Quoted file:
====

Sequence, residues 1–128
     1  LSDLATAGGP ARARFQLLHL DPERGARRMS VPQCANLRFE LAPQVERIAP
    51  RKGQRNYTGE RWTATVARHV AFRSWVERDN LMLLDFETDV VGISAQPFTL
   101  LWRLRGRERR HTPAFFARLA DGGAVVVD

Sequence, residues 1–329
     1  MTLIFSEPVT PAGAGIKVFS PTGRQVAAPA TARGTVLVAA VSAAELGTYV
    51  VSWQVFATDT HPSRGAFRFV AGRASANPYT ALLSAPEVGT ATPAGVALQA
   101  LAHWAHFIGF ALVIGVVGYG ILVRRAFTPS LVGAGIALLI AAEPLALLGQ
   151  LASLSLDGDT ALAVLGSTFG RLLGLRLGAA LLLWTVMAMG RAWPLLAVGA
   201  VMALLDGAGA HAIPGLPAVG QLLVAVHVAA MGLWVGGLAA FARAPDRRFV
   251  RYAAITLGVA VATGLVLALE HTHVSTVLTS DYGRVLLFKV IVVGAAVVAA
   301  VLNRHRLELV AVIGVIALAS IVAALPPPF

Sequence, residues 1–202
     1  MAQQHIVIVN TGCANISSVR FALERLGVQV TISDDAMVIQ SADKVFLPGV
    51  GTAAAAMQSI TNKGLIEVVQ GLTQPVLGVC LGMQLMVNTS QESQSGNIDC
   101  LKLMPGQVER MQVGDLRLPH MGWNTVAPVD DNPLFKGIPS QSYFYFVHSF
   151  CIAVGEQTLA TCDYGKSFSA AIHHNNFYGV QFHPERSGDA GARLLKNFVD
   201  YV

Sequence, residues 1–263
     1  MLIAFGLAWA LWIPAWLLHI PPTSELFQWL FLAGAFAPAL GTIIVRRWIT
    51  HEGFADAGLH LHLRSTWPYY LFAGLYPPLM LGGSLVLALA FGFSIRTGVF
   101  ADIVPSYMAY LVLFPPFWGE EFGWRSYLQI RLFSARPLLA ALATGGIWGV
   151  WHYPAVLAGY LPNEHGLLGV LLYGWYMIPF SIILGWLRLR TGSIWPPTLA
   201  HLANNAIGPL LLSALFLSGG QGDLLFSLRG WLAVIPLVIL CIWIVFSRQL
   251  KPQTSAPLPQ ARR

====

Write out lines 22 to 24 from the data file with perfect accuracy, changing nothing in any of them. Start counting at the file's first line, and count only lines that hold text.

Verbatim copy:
   101  ADIVPSYMAY LVLFPPFWGE EFGWRSYLQI RLFSARPLLA ALATGGIWGV
   151  WHYPAVLAGY LPNEHGLLGV LLYGWYMIPF SIILGWLRLR TGSIWPPTLA
   201  HLANNAIGPL LLSALFLSGG QGDLLFSLRG WLAVIPLVIL CIWIVFSRQL